Tuesday, November 10, 2009
Videogame Classics - M.U.L.E.
March 17, 2003
Ozark Softscape for Electronic Arts
Atari 800 (4 Player), Commodore 64 (2 Player)
Playing around with Super Bomberman 2 got me thinking about the truly great multiplayer games. The best ones always allow for that extra edge. It's fun to outmaneuver your friends, but when you can really put the screws to them, you're on to something. A brilliant example, one of my personal favorites, is the computer game classic, M.U.L.E.
MULE was the product of an Arkansas-based development team called Ozark Softscape. The team was comprised of Dan Bunten (project leader), Bill Bunten, Alan Watson, and Jim Rushing. These were the heady days of the early 1980s, with the fall of dedicated consoles (Atari 2600), and the rise of home computers. There was a great desire to experiment and create games that stretched out in new directions. An upstart company named Electronic Arts was entering its own "golden age," with a solid string of excellent, original games like Pinball Construction Set, Archon, Murder on the Zinderneuf, and One on One.
Electronic Arts followed the trail blazed by Activision. Game designers weren't stereotypical computer nerds, but young, creative, and above all, craving attention. They imagined themselves as the new artists, and their games as a creative work. These were not merely children's games, they were…something more. Different. New. Electronic Arts promoted this idea, and Bunten and his team were willing to accommodate.
Just what kind of game is MULE? It really is difficult to describe, since it seems so different from the conventional shoot-em-up, sports, and adventure genres crowding today's market. Perhaps it is most similar to Monopoly, with a dash of arcade action and commodities trading added to the mix. Taking place on the world of Irata, four alien settlers set out to develop the land over the course of 12 monthly turns. Each player selects a plot of land, and then equips that plot for production of food, energy, or mining ore and crystite. At the end of each turn, the plots bear fruit, and the players buy and sell their goods at the market.
I'm afraid that I am making MULE sound boring, but it is anything but. The casual pace belies a fiendishly competitive atmosphere where friendships are made and lost in a matter of minutes. If you do not grow enough food, you will lose precious time for your turns and risk falling behind. If you do not produce enough energy, your plots will suffer. And if enough ore is not made, there will be a shortage of mules.
The mule (for Multiple Use Labor Element) is one of the game's more clever touches. Each plot of land needs to be equipped for the proper function, and for that, you need mules. A mule is bought at the colony store, equipped, and then added to your plot.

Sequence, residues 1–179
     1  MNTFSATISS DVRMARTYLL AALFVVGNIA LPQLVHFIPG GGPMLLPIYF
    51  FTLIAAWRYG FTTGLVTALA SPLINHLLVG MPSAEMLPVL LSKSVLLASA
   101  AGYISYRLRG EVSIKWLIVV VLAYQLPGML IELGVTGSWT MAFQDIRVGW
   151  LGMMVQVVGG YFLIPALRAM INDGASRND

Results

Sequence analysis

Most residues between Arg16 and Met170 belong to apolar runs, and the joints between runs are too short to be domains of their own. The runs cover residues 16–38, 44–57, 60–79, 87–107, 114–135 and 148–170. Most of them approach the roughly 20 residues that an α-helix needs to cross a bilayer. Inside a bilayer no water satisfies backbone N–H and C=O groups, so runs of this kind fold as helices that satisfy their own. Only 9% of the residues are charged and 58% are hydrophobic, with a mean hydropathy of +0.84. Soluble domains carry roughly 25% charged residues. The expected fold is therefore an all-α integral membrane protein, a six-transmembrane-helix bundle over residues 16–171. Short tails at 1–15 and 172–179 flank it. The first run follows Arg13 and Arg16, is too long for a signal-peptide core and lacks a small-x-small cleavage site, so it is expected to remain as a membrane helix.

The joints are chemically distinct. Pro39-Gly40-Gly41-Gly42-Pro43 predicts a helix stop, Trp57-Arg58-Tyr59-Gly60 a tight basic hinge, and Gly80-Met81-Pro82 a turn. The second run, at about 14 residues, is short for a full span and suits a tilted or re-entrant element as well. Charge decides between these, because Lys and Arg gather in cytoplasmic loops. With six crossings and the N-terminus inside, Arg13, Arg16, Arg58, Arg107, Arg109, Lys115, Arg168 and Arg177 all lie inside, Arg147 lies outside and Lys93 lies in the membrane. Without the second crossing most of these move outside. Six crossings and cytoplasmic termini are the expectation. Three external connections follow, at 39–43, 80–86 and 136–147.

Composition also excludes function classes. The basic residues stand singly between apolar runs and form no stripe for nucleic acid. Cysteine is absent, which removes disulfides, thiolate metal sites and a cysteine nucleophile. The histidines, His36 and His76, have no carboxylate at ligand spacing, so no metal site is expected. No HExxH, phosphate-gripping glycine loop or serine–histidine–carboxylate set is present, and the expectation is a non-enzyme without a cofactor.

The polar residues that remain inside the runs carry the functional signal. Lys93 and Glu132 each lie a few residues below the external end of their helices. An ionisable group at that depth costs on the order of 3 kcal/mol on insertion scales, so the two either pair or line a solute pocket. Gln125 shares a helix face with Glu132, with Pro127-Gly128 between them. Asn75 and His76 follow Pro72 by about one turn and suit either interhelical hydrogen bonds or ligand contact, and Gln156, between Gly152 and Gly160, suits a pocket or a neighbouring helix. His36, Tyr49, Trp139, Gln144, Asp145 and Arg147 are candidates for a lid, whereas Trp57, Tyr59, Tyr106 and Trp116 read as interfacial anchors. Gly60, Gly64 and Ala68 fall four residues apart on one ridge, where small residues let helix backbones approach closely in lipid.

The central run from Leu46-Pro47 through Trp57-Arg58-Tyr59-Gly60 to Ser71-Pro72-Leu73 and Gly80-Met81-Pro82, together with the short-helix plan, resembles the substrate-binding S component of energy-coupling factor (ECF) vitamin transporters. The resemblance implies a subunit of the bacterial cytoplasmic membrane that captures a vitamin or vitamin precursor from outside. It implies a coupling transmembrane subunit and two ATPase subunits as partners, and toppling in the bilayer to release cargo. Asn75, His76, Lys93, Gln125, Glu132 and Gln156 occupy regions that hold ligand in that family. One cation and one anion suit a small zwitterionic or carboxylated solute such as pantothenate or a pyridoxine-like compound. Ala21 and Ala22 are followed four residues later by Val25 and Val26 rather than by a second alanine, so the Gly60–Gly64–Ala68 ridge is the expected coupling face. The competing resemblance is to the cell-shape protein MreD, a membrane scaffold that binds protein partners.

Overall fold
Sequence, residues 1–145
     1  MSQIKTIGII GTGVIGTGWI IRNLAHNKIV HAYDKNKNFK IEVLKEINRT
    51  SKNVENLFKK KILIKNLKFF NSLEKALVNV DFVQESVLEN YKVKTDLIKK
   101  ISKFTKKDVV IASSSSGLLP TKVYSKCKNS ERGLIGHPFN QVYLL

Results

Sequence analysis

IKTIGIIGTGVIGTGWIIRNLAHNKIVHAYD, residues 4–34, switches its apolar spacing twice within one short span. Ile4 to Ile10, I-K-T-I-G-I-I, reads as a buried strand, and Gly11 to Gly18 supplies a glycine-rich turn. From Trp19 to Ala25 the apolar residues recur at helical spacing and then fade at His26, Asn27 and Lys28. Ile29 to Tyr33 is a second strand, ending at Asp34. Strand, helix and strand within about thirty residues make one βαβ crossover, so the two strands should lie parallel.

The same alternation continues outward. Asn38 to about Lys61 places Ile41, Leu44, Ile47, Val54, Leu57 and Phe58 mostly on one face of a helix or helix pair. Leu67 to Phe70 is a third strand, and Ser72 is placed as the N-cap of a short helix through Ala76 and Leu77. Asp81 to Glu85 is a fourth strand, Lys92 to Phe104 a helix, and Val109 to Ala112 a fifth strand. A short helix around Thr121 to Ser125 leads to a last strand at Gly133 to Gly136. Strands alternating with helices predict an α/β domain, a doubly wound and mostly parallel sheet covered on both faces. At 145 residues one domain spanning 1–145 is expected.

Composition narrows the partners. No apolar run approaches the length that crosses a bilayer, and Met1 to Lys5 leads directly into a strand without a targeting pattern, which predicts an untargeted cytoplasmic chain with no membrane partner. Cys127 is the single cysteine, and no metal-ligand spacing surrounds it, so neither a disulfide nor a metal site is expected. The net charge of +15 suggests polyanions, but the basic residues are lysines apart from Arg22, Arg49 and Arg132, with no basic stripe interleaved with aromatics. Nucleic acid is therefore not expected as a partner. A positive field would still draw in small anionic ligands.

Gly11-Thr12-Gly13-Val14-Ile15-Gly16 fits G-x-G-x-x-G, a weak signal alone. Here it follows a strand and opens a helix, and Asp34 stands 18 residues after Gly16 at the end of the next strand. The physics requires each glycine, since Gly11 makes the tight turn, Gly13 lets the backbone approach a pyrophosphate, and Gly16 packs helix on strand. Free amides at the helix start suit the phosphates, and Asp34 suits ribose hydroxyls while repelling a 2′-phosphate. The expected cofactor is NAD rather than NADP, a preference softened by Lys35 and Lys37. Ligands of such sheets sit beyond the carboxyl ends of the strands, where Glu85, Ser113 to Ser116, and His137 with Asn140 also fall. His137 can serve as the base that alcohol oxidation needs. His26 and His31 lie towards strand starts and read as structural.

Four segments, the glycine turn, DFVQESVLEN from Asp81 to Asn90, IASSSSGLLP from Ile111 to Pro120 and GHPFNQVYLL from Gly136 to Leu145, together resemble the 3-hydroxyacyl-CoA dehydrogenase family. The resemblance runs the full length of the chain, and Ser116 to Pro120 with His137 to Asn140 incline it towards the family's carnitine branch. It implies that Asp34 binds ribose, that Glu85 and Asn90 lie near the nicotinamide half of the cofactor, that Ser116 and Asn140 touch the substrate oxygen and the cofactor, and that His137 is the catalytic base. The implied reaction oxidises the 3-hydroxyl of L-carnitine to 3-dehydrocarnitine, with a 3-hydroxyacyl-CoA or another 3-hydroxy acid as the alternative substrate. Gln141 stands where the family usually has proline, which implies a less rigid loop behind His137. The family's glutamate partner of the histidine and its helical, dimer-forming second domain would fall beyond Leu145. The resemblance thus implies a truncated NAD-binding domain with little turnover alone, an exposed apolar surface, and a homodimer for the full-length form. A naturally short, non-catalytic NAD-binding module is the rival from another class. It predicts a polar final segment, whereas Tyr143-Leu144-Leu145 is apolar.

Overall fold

This development phase is only one part of the game. The other part is the trading phase. After the monthly harvest, players meet at the market, watch the progress of their crops, and buy or sell with each other or the store. This is where MULE can become so fierce. True, it would be nice to share your extra food with everyone for the good of the colony, but what fun is that? Sharing is for losers. The real fun comes from cornering the market. When there is plenty of food in the store, for instance, the price is very low. But when there are shortages, the price soars.
This is where you screw your friends into the ground. How desperate are they for that extra unit of food or energy? Make them run up the screen and raise the price. Skilled players can learn how to control the market and make a killing in the process. And, yes, this is where shoulders start getting punched between curses.
The bidding in MULE is simple, with buyers on the bottom and sellers on the top. A price is found by both parties meeting somewhere in the middle. There is a certain, almost masochistic joy in watching other players desperately running up prices while you sit safely at the top of the screen. Another great "fuck you" moment comes during plot auctions; the leader runs up the price, then quickly darts back down at the last second, sticking someone else with the bill.
In the end, we are all competing for bragging rights and the rank of "First Founder" at the end of the game. However, in another inspired stroke, the colony as a whole must survive together. If the colony fails to make enough money at year's end, nobody is the winner. Think about that while you're cutting everyone off at the knees.
There are still more surprises to be found in MULE that I haven't mentioned. Mules go crazy and run off; pests eat your food; pirates steal all your crystite (diamonds); there are earthquakes, acid rainstorms, and meteorite strikes; the store catches fire, taking with it all surplus goods. And the game itself subtly teaches market economics: supply and demand, economies of scale, the Learning Curve theory of production, the Law of Diminishing Returns, the Maslow Hierarchy of Needs.
There really has never been a game like MULE, and that is a tragedy. It deserves to be seen by anyone who considers themselves a lover of videogames.